A researcher checks a slide (illustrative)
A researcher checks a slide (illustrative)Israel news photo: Flash 90

Laureates in the fields of agriculture, chemistry, mathematics, medicine, physics and art will be honored in May by Israel's Wolf Foundation Council. The Wolf Prize, being awarded for the 33rd year, is considered second in prestige to the Nobel Prize. One out of every three scientists to win the award eventually goes on to win the Nobel Prize.

Recipients will receive a total of $100,000 in prize money, to be presented by President Shimon Peres at a special session of the Knesset. 

Ten scientists and a German artist will receive the prize this year, including Professors Shinya Yamanaka of Kyoto University in Japan and Rudolf Jaenische of the Whitehead Institute at MIT in Cambridge, MA for their achievements in medicine. The two professors have created pluripotent stem cells from skin cells and demonstrated that they can be used to cure genetic disease in mice.

University of Illinois animal sciences professor Harris Lewin, head of the school's Institute for Genomic Biology, will receive the award for agriculture, together with James R. Cook of Washington State University. Lewin identified genes that create resistance to bovine leukemia, and also patented a method of detecting animals that can pass resistance to the disease to their offspring. Cook was selected for his work in plant pathology and soil microbiology, helping to improve crop productivity and disease management.

Professor of Chemical Engineering Ching Tang, at the University of Rochester, will be awarded the prize in chemistry for his work in organic electronics and photovoltaics, together with Professor Stuart Alan Rice of the University of Chicago and Professor Krzystof Matyjaszewski of Carnegie Mellon University.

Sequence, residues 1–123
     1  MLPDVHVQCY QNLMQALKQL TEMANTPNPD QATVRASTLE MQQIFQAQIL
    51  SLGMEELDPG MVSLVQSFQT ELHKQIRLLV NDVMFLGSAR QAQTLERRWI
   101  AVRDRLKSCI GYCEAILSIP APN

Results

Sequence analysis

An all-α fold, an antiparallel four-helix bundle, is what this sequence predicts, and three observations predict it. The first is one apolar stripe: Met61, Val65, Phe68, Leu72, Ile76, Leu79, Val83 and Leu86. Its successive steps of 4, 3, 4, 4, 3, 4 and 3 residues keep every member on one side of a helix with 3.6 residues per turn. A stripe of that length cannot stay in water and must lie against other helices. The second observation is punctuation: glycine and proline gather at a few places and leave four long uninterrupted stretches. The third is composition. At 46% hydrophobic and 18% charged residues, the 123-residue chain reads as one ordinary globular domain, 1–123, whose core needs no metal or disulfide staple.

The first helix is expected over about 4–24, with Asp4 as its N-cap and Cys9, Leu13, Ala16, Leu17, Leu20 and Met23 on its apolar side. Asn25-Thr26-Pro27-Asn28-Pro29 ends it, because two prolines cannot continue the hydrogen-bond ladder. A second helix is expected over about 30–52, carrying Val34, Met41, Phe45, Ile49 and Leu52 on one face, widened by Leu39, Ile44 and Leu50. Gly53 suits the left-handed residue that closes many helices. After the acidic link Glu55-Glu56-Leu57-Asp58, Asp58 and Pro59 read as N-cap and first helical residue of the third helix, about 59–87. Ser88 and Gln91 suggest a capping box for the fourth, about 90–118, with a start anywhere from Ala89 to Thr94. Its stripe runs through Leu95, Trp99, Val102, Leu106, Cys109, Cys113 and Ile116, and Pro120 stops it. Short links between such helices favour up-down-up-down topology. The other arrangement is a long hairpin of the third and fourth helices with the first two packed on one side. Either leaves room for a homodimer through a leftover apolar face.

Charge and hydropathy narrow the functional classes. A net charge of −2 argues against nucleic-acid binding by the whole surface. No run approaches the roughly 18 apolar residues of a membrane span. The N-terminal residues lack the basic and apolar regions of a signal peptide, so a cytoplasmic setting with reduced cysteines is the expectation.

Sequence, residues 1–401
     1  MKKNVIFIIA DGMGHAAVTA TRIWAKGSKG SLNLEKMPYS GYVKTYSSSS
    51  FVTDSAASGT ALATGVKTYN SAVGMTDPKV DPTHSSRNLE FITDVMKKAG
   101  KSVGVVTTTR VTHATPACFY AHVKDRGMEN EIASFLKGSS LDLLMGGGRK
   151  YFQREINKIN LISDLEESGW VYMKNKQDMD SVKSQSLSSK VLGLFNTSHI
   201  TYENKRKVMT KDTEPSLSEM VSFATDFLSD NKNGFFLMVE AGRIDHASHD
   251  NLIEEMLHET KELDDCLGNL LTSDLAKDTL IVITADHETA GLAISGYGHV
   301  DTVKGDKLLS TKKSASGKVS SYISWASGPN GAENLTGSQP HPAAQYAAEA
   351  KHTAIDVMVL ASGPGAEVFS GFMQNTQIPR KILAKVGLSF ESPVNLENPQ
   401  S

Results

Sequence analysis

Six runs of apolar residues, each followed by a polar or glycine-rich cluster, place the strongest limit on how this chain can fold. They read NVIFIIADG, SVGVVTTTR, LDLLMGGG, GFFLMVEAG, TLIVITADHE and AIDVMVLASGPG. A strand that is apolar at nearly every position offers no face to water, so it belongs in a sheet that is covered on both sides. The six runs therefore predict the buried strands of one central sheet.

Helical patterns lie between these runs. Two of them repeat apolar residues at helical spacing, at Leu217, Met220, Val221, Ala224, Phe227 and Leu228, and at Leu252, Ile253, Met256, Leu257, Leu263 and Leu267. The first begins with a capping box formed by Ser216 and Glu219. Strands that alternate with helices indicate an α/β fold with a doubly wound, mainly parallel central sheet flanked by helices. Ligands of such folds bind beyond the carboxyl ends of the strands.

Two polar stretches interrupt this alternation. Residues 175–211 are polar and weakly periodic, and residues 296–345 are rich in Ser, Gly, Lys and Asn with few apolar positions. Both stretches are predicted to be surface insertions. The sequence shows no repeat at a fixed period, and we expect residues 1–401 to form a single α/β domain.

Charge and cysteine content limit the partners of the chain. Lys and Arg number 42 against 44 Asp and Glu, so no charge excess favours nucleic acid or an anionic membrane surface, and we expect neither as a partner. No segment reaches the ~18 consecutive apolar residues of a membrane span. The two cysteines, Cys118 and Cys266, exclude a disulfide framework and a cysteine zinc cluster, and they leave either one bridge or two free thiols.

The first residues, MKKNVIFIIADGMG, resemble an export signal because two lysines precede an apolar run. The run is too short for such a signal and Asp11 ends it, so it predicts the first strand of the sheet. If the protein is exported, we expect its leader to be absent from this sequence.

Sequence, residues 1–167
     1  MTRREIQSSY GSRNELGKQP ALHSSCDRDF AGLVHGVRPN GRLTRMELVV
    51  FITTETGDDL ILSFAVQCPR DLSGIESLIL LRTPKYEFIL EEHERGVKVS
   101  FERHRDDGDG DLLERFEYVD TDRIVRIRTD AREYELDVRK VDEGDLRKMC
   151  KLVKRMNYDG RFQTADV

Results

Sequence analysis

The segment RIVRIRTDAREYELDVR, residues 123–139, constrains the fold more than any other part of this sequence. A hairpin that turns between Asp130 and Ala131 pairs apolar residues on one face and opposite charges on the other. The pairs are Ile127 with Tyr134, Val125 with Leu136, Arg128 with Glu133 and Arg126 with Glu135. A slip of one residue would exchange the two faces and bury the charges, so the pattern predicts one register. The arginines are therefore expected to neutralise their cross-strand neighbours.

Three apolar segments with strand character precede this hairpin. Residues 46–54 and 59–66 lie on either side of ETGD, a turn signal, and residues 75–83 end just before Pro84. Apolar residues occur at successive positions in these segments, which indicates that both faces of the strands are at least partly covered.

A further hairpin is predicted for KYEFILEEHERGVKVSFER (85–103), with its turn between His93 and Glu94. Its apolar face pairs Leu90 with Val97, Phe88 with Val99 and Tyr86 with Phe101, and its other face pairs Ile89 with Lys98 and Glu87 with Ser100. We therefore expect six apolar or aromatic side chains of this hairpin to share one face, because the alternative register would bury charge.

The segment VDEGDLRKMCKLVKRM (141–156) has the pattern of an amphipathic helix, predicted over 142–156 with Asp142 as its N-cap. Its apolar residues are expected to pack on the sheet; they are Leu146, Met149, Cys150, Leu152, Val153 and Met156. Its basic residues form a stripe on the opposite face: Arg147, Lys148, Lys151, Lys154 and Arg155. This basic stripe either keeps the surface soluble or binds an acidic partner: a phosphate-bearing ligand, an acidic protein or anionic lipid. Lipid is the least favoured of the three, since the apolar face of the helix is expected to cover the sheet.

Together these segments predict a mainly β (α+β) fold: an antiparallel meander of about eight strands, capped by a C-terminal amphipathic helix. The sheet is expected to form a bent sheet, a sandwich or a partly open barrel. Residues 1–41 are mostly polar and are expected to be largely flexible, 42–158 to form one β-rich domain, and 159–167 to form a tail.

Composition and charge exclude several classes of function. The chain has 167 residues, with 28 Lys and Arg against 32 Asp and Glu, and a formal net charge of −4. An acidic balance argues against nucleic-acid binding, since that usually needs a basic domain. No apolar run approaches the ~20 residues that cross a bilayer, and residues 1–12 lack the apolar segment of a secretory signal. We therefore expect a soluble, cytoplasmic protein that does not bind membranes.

The physics prize went to Professor Maxmilian Haider of the Karlsruhe Institute of Technology, Professor Harald Rose of the Technical University of Darmstadt and Professor Knut Urban of the Research Centre Jilich in Aachen, all of Germany. The three will receive the ward for their work in developing aberration-corrected electron microscopy that allows the observation of individual atoms with picometer precision.

Painter and sculptor Rosemarie Trockel of Cologne, Germany will receive the award for art.

The Wolf Foundation began its activities in 1976 with an initial endowment of $10 million donated by the Wolf family, hence the name. The late German-born Dr. Ricardo Wolf, who served as Cuba's Ambassador to Israel from 1961 to 1973, established the fund. Annual income from investments is used for prizes, scholarships and the organization's operating expenses. The foundation awards prizes to outstanding scientists and artists for "achievements in the interest of mankind and friendly relations among peoples." The foundation also awards scholarships to undergraduate and graduate students, as well as scientists involved in research at Israeli institutions of higher education.